- - Friday, May 11, 2012

DUSHANBE, Tajikistan — Longtime allies Tajikistan and Russia are under strained relations over Moscow’s lease of three garrisons, as NATO’s imminent withdrawal from Afghanistan makes Central Asian bases a valuable asset.

Russia is expected to soon sign a 49-year lease for three garrisons — near the Tajik capital, Dushanbe, and the southern cities of Kulyab and Kurgan-Tube. The garrisons serve as the base for the 201st Motorized Rifle Division, which, with its 7,500 troops, is Russia’s largest foreign deployment of servicemen.

But Tajik officials are hoping that Russian President Vladimir Putin will make concessions toward their country’s energy needs and provide backing that Tajik President Emomali Rahmon needs to maintain public support.

Last month, Mr. Rahmon described relations between Dushanbe and Moscow as “allied” but also noted that other nations are competing for a strategic presence in Tajikistan, the poorest of the former Soviet republics.

“On my desk, I have a folder containing offers from other states, promising wonders in return for opening their military bases and other facilities, but we are not even considering them,” Mr. Rahmon said during the opening ceremony of a Dushanbe branch of a Russian university.

Mr. Rahmon didn’t specify which countries had made offers, but local analysts say the prospect of using a military base in Tajikistan would be attractive to Washington.

Neighboring Kyrgyzstan currently hosts a Russian base at Kant and a U.S. base at Manas, which has played a key role as a transit center for U.S. and NATO troops in Afghanistan. Kyrgyz President Almazbek Atambayev has said the U.S. lease on the Manas base will not be renewed after it expires in 2014.

“If Kyrgyzstan refuses fully to host the NATO military base on its territory, we have no doubt that Washington will request Dushanbe to do so,” said Alisher Saidov, a political scientist at the Strategic Research Center in Dushanbe. “They are leaving [Afghanistan], but I think they want to have some strength in the region after 2014.”

A reliance on Russia

U.S. officials say they are not involved in negotiations with any Central Asian country about opening a new base but intend to continue dialogue with Kyrgyzstan.

“We have no other plans to establish bases in the region,” Robert O. Blake, Jr., assistant secretary of state for South and Central Asia affairs, said while visiting Dushanbe in March.

“In terms of what might happen after the [Manas] contract expires, we have said many times we are prepared to engage with President Atambayev’s government at their convenience to discuss the future of [Manas] and to try to reach an agreement on that.”

Political observers say Mr. Rahmon’s comments were aimed at pressuring Moscow to heal recent divisions between Russia and Tajikistan and help ensure Tajikistan’s energy security.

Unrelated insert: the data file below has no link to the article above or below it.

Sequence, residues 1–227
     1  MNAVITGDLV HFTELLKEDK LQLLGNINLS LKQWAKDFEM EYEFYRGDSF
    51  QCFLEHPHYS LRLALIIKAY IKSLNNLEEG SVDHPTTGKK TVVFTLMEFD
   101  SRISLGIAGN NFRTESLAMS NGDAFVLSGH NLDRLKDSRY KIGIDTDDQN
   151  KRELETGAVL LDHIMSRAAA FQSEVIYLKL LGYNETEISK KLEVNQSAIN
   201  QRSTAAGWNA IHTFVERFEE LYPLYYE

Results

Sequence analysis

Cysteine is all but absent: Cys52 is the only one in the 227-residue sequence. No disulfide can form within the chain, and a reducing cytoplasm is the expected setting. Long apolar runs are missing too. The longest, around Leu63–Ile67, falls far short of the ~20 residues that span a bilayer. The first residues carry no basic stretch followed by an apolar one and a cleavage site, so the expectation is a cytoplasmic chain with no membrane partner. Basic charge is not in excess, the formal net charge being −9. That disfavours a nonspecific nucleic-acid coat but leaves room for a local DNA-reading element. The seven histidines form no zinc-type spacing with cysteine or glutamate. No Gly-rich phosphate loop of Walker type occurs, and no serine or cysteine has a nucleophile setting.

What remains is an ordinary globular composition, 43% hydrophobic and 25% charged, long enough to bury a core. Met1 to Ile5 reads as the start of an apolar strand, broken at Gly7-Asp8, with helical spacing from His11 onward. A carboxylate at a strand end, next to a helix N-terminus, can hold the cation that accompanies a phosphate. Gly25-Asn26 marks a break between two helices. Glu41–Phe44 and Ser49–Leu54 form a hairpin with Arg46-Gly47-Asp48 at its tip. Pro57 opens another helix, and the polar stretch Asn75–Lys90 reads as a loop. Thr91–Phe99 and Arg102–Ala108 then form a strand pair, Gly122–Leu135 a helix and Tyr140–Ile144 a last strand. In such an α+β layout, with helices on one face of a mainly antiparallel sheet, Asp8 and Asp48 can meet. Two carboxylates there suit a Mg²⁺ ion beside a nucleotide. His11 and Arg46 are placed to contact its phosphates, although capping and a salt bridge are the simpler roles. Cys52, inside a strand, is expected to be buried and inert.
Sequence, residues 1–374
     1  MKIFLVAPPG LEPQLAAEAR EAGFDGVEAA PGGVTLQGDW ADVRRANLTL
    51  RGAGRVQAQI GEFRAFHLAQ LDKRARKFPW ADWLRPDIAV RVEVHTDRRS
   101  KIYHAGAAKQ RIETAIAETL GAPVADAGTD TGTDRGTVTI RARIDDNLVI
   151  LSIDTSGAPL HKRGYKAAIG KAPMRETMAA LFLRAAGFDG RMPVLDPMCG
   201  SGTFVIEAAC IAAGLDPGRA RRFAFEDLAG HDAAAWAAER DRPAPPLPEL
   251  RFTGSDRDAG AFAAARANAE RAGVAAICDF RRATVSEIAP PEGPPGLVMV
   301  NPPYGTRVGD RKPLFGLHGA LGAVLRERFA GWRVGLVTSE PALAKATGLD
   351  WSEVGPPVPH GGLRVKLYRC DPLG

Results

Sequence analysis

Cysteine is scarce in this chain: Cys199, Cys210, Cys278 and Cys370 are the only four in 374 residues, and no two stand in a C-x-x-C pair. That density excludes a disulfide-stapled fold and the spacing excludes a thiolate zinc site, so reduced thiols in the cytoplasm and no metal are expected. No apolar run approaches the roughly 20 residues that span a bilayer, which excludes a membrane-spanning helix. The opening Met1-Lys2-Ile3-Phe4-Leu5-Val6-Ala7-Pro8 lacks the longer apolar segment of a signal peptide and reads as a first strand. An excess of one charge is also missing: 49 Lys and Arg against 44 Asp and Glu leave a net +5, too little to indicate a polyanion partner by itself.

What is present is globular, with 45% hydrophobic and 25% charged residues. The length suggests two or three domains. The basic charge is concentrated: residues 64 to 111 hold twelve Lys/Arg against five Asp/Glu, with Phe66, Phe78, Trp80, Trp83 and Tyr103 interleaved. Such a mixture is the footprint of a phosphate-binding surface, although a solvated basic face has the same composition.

Uzbekistan, a longtime rival of and sole gas exporter to Tajikistan, suddenly cut off gas supplies on April 1. A new contract was signed, and gas transfers resumed on April 14.

But disputes between the two countries remain — in particular over Tajik plans to construct a dam that Uzbekistan says will leave it with severe water shortages.

Mukhabbat Saidova, a political scientist at Tajikistan Media Alliance, a union of journalists in Dushanbe, said Russia didn’t comment on the conflict between Tajikistan and Uzbekistan, “but we all realize that the sudden concession by Uzbekistan could not be possible without pressure from Moscow.”

Analysts say the issue demonstrates Tajikistan’s reliance on Russia in disputes with its neighbors, noting that Dushanbe now is lobbying Moscow to drop duties on oil exports to Tajikistan.

Yet relations between Russia and Tajikistan have been rocky recently.

In November, a Tajik court confiscated two Russian cargo planes and sentenced their pilots to 8½ years in prison for smuggling and illegally crossing state borders.

The pilots, a Russian and an Estonian, were arrested after making an unscheduled refueling stop in Tajikistan on a return flight from Afghanistan.

A fragile future

The pair were soon released, but their arrest, shortly before the renewal of the lease on Russia’s garrisons, angered Moscow and sparked a crackdown on Tajik labor migrants in Russia.

Hundreds of Tajik migrant workers were detained and many deported, while Russia’s public health chief threatened to bar all Tajik migrants from entering Russia, citing concerns they were spreading disease.

Tajikistan’s economy depends heavily on the $3 billion in remittances that about 1 million Tajik migrants send home each year — accounting for 45 percent of the country’s GDP.

Still, most Tajiks see Russia, which backed Mr. Rahmon in the 1992-1997 civil war that left up to 100,000 dead, as an important ally.

Analysts say that a cooling of relations between Russia and Tajikistan is likely to undermine confidence in the president, who has held power for 20 years in the post-Soviet era.

“If Russia will no longer accept our migrants, we will return home and sweep away Rahmon immediately,” said Firdaws, 23, a Tajik migrant working in the Russian city of Saransk.

Peace and stability in Tajikistan are still fragile, as was demonstrated by fighting between opposition militants and security forces in late 2010 and early 2011.

And since the “Arab Spring,” some Tajiks, fed up of dismal living conditions and their president’s unchallenged power, have been using social networks to call for revolution.

“[The Tajik authorities] are rich because we are poor,” said Dushanbe resident Akhmadali, 19. “They don’t care about us. We do not have normal education, medical aid and jobs but they have palaces and brand new cars.”



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